Wednesday,  August 10, 2022  1:14 pm

Air Canada is boosting capacity to Oregon by almost 50%

Air Canada is boosting capacity to Oregon by almost 50%
Michael Pihach

Michael Pihach is an award-winning journalist with a keen interest in digital storytelling. In addition to PAX, Michael has also written for CBC Life, Ryerson University Magazine, IN Magazine, and Michael joins PAX after years of working at popular Canadian television shows, such as Steven and Chris, The Goods and The Marilyn Denis Show.

Canadians are loving one of America’s weirdest cities.

Just ask Air Canada, which, last night (Feb. 26) at an industry event hosted by Travel Oregon, revealed that it will be increasing its capacity from Toronto to Portland by almost 50 per cent this spring.

Utilizing an Airbus 319, the daily Air Canada Rouge service from YYZ to PDX will run seasonally from May 24th to Oct. 25th and offer 136 seats with 12 premium options – nearly double the amount of what was previously offered.

Portland, whose unofficial motto is “Keep Portland Weird” on account of the city’s quirky arts scene and eccentric vibe, is piquing the interest of Canadians more and more, explained Simona Cercel, tourism and sales development manager at Air Canada.

“The demand [for Portland] is super strong,” Cercel told PAX at the after-work soirée, which was held at Toronto’s Planta restaurant. “There’s a lot of analysis going into our routes. We’re happy to have Canadians fly into Oregon.”

In addition to Toronto, Air Canada also offers direct flights to Portland on Q400s from Calgary (once, daily) and Vancouver (four flights, daily) – gateways that, according to Cercel, bolster Air Canada’s ability to connect Portland with international markets in Asia and Europe.

TABLE FOR THREE. Air Canada's Natasha Delicata (left), Simona Cercel and Michael DeGrace spotted at Planta last night at Travel Oregon's media event.

One “fun fact” about its Vancouver gateway, Cercel noted, is that Air Canada connects at least 20 people flying from Taipei and Hong Kong into Portland, daily.

“This is a very strong,” Cercel said, noting that international passengers don’t need to pick up their bag when connecting into North America. “Getting to Portland is a seamless transition,” she said.

Experiencing the wonders of Oregon, the U.S.’s ninth largest state, typically begins in Portland, the state’s largest city, said Jenna Wheatley, global sales manager for The Americas at Travel Oregon.

What Wheatley calls a “very walkable city with funky neighbourhoods and incredible food,” Portland is a world leader in brewing sake and has a thriving community of local coffee roasters.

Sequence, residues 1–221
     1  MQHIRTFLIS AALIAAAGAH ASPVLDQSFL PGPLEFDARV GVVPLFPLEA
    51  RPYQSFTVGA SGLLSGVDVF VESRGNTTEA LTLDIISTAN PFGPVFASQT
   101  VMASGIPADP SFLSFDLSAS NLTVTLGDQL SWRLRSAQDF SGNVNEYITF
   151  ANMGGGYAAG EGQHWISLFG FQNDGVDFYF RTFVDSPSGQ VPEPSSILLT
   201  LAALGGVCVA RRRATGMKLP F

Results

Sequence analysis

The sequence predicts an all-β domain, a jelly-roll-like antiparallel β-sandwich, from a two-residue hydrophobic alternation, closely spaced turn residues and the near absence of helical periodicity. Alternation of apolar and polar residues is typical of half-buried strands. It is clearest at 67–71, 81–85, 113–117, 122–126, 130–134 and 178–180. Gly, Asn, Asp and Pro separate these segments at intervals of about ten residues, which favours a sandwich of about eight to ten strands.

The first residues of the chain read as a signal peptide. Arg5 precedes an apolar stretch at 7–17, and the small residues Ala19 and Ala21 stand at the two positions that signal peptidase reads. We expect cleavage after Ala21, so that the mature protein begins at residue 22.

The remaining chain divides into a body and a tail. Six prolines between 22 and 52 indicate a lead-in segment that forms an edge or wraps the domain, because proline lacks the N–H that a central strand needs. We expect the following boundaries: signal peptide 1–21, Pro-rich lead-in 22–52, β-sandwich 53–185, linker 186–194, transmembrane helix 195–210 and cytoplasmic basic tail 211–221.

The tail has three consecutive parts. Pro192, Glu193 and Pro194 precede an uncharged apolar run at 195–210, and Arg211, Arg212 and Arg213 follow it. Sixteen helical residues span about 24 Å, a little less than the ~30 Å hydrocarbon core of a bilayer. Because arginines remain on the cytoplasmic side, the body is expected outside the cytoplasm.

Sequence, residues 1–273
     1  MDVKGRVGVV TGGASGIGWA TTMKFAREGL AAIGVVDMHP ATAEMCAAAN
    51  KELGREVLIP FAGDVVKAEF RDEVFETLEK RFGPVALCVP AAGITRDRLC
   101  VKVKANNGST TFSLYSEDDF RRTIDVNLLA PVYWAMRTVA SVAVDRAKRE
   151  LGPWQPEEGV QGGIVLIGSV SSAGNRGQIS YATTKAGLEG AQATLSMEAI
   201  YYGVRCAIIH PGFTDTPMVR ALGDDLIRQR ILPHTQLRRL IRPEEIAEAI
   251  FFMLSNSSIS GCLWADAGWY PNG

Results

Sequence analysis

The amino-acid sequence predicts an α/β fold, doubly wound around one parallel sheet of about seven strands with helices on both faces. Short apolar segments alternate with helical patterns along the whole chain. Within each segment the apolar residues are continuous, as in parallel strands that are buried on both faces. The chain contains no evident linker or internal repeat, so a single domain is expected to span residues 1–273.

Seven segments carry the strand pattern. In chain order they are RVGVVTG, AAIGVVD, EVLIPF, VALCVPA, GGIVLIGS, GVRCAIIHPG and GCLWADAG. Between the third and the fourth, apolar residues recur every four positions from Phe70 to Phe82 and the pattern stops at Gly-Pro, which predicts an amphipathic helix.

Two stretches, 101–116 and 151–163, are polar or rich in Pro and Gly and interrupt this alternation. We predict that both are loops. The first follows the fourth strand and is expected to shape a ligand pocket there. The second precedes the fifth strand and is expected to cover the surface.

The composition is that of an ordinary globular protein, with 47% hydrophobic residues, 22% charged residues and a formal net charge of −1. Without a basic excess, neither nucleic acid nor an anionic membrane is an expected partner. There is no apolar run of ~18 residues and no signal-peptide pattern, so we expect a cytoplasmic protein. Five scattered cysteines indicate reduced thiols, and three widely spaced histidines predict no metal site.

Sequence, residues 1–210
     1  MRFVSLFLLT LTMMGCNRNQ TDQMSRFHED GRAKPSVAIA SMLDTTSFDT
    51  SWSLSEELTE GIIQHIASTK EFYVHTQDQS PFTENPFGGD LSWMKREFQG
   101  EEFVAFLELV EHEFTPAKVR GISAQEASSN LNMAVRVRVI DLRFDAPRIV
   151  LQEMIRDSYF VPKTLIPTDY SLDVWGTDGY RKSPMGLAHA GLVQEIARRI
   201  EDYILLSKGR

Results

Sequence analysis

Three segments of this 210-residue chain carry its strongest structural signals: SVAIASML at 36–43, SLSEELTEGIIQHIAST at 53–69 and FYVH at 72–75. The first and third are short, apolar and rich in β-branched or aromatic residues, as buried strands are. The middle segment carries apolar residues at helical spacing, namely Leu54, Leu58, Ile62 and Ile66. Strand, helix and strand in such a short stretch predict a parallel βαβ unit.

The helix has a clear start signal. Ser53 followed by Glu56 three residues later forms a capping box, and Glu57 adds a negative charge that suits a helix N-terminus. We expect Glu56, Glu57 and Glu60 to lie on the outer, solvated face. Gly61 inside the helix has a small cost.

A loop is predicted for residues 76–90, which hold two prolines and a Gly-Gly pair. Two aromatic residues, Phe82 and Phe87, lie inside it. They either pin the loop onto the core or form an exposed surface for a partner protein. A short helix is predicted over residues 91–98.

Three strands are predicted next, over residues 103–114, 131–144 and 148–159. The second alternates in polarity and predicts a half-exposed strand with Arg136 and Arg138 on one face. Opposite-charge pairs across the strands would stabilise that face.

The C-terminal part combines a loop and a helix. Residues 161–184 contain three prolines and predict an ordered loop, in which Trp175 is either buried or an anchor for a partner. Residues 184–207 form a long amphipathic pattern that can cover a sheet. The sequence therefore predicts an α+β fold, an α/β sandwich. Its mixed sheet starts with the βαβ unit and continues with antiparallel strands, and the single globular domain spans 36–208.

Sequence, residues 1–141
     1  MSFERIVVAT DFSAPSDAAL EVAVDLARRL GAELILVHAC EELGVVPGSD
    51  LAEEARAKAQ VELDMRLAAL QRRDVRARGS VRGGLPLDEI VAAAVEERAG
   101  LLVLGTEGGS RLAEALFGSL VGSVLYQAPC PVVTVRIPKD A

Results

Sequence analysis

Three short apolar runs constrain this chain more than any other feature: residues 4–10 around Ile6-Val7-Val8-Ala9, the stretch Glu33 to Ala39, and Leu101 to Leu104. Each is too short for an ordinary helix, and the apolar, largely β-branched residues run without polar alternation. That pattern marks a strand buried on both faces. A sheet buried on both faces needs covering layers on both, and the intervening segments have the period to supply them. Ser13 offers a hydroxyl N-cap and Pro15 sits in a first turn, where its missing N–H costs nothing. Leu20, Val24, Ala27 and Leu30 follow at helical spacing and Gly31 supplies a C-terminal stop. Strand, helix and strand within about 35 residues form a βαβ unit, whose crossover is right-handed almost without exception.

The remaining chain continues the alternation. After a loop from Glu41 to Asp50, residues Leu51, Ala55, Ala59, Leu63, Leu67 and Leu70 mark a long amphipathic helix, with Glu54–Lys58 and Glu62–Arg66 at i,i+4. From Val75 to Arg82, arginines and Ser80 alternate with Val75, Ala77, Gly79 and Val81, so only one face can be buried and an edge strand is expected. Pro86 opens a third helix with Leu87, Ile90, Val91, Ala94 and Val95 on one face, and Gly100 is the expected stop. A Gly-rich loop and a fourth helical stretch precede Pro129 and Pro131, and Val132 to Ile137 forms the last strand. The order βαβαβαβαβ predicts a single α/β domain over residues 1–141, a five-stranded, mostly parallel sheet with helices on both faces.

Some of Oregon’s natural wonders are just a scenic road trip away.

Just 80 km from Portland is Mount Hood, Oregon’s snow-covered peak and tallest mountain, which offers year-round skiing, hiking snowshoeing activities and is surrounded by several beautiful lakes.

MAGICAL OREGON. Travel Oregon's Jenna Wheatley addressed media last night at Toronto's Planta.

Travel Oregon’s tagline is “Only Slightly Exaggerated,” which plays on the idea that you might see things that seem unreal when visiting Oregon, such as hidden waterfalls, forest creatures, cherry blossoms or possibly even dragon boats on Portland’s waterfront.

“Oregon is a magical place,” Wheatley told PAX, crediting the authenticity of locals and the state’s “pristine, beautiful” nature.

The whimsical feel and natural beauty of Oregon is captured eloquently in Travel Oregon’s latest marketing video, a colourful animated feature that features a cast of quirky characters, such as a frog that turns into a young girl, frolicking jumbo-sized bunny rabbits, a cycling caterpillar and whales swimming in the clouds, all the while spotlighting Oregon’s rugged and coastal landscapes.

“People come from all over the globe to have our wines,” Wheatley said, noting Oregon’s 150-mile long Willamette Valley, also known as Oregon Wine Country, which boasts more than 500 wineries and is famous for its Pinot noir.

Then there’s Crater Lake National Park, which was formed by a now-collapsed volcano and sits still in the dramatic Cascade Mountains of scenic southern Oregon.

The lake is 594 metres deep at its deepest point, making it the deepest lake in the United States and the second-deepest in North America, records show.

“[Crater Lake] is the clearest. You can look down almost 65 metres,” said Brad Niva, executive director at Travel Southern Oregon. “It’s the one place where you can swim and drink the water at the same time.”

Canada is Portland’s largest international market, Wheatley said, noting that WestJet will be entering the Oregon market this April with a daily Calgary-Portland service.

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